I presented a paper to the OSC that argued that Standard Deviation is not an appropriate measure of risk, since the best-performing mutual fund and the worst-performing mutual fund in Canada had the same Standard Deviation.  The measure of Standard Deviation of an investment does not reduce the risk of incurring losses.

A better, more accurate methodology would have used downside standard deviation or the Sharpe or Sortino ratios which measure risk adjusted returns. Nevertheless, the OSC implemented risk rating rules requiring all mutual funds to rate the risk of their funds according to 10 year standard deviation.

As a result, if investments in a client’s portfolio exceeded the risk tolerance as indicated in the original KYC, the client was forced to redeem those investments, by the advisor’s compliance department. A number of BMG’s clients were forced to redeem their positions since our funds had a medium-high risk rating according to the OSC formula, and the clients’ KYC indicated medium-risk tolerance. A number of clients wanted to change the KYC in order to allow them to maintain ownership of our funds but were advised that, unless there was a significant change in their financial circumstances, they could not change their KYC. Continue Reading…

Ukraine invasion underlines investors’ need for super diversification

It’s scary times for everyone, investors included. As this site focuses on Financial Independence, I’ll try in this blog to direct readers to some useful sources of financial advice.

We’ll start with MoneySense, since in my role as Investing Editor at Large, I’m on top of much of the investing content there.

First, I’d point to Allan Small’s article that appeared over the weekend: The Meaning of market swings and why you should care. Allan recaps current trends in rising inflation and rising interest rates, noting that geopolitical uncertainties can create buying opportunities on certain stocks:

“The key is to make sure your portfolio is diversified. It’s the best — and cheapest — strategy to protect your portfolio in any environment. Balance it with different sectors of the economy.”

Second, Dale Robert’s weekly market wrap for MoneySense always has plenty of good insights into up-to-the-minute market action. His February 27th instalment of Making Sense of the Markets is particularly instructive. Hub readers will be familiar with Dale’s own site, Cutthecrapinvesting, as we regularly republish Dale’s blogs here on the Hub (with his kind permission, of course!).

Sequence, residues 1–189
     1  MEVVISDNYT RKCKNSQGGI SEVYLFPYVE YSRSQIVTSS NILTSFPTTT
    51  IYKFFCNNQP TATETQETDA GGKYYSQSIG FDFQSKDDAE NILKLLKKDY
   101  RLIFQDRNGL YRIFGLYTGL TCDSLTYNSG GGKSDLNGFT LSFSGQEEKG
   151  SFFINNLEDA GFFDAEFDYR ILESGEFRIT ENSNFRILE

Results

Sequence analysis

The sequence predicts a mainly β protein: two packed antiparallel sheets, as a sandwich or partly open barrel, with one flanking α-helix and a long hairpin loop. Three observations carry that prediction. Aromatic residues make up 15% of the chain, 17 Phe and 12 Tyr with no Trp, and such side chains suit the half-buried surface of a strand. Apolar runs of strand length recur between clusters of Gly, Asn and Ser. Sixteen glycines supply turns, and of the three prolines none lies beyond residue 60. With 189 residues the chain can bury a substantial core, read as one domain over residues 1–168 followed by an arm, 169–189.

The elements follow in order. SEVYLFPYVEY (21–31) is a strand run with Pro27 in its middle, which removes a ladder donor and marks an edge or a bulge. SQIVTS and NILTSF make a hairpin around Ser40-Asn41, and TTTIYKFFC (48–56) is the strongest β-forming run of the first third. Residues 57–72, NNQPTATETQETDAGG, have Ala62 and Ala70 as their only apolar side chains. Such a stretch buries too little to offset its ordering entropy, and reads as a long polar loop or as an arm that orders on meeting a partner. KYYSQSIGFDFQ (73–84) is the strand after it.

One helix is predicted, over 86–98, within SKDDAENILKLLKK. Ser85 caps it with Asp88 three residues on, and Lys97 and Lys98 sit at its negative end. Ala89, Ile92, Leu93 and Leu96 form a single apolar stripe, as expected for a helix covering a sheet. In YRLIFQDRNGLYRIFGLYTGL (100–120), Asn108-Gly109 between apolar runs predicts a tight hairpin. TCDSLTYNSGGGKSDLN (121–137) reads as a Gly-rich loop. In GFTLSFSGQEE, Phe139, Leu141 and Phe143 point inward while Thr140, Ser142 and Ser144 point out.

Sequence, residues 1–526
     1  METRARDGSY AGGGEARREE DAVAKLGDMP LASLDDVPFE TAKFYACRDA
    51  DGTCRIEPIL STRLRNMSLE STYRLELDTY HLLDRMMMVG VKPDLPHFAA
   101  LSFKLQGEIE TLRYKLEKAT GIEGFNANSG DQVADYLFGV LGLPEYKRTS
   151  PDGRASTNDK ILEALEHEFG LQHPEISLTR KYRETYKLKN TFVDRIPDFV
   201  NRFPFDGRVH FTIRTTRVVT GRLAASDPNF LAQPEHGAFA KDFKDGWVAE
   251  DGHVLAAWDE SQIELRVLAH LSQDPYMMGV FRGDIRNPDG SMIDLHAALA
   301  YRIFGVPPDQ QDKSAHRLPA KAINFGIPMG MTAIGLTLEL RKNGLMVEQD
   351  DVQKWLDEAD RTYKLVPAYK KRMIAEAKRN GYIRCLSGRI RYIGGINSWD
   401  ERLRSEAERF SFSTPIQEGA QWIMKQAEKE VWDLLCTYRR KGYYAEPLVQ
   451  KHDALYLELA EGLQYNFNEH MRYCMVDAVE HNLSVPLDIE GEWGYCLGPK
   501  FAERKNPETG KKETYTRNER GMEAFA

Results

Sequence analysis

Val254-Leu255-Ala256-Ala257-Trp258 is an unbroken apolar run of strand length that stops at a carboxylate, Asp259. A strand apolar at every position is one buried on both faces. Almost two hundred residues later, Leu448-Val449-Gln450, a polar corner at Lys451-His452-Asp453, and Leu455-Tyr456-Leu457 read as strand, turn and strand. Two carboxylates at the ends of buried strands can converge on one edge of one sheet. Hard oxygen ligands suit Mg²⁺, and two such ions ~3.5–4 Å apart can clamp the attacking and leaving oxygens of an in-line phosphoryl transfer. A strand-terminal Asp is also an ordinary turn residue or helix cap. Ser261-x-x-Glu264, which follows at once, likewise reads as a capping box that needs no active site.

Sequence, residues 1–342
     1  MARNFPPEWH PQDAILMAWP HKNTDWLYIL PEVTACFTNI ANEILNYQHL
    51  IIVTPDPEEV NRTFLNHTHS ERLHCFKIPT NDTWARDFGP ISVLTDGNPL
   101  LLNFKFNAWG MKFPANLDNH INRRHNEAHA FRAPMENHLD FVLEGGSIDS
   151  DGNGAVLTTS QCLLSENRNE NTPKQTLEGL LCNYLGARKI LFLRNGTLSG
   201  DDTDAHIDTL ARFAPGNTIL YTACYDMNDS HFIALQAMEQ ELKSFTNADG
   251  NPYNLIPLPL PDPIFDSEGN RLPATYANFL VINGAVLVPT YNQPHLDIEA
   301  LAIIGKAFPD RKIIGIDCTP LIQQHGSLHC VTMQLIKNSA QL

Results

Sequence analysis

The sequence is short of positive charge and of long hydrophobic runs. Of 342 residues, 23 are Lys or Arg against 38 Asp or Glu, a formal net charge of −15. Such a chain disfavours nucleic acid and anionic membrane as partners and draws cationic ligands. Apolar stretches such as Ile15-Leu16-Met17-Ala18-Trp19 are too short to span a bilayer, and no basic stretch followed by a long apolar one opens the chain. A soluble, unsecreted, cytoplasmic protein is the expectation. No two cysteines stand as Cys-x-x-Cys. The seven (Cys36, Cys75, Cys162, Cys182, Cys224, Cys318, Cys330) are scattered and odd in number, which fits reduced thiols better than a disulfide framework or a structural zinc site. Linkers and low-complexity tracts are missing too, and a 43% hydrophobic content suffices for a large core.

Here’s Dale’s recent blog on the Ukraine situation. Here’s an excerpt:

“Even a few weeks ago it was easy to predict what would help investors make their portfolios more battle-hardened. Gold and energy certainly rose to the unfortunate occasion.”

Ever since Covid hit, Dale has been furnishing sound investment ideas, often ahead of the rest of the financial blogosphere. For example, he was one of the earliest to sound the alarm that Covid would be a serious problem for investors. He was also early in recommending energy plays like Eric Nuttall’s Nine Point Energy Fund (NNRG) and inflation-fighting recommendations like the Purpose Real Assets ETF (PRA.) That’s one reason why we included Dale as a panelist in MoneySense’s yearly ETF All-Stars feature: the 2022 edition will be out this spring, albeit under the direction of a new writer, Bryan Borzykowski.

No one ever made a dime panicking

How am I responding to the financial aspect of this crisis? Well, as Mad Money’s Jim Cramer often reminds readers in such times, “No one ever made a dime panicking.” Just yesterday, The Successful Investor publisher Patrick McKeough reminded Hub readers that short-term investment decisions all too often sabotage long term returns.

Patrick has been hugely consistent over the years with the following three-fold guidelines, which are as relevant during this Ukraine crisis as in they are in sunnier times:

1.) Invest mainly in well-established, dividend-paying companies;

2.) Spread your money out across most if not all of the five main economic sectors (Manufacturing & Industry; Resources & Commodities; Consumer; Finance; and Utilities);

3.) Downplay or avoid stocks in the broker/media limelight.

In his Inner Circle Advice bulletin issued after Tuesday’s market rout, McKeough titled one section “Putin goes for broke” while urging investors to stay the course if they adhere to the three points above:”In the past third of a century, Russia has gone from dictatorship to fledgling democracy and back to dictatorship. If his Ukraine venture goes awry, it could be the end of the Putin era and the start of a new try at western-style government for Russia.

“Meanwhile, we advise sticking with your portfolio if your investments are in tune with our Successful Investor directives. Now, though, is a good time to re-emphasize that recent IPOs tend to be a poor investment choice, on average. But that’s especially so in a market situation like this one, in which volatility is likely to be above average for some time.”

Some other newsletters to which I subscribe recapped historical market action in advance and during prior outbreaks of war and invasions; generally they found that investors who “bought the invasion” eventually did well.

On the other hand, in an article in the Globe & Mail this Monday, veteran commentator Gordon Pape suggested it wouldn’t hurt to raise cash where you have significant capital gains: while they’re still gains. You can find the article, albeit paywalled, by clicking on this highlighted headline: Investors should take these steps to protect their portfolios from  the Russia-Ukraine conflict.  Pape also warned, as have many pundits, that if Russia does get away with its Ukraine invasion, it may embolden China to make a similar move on Taiwan.  Continue Reading…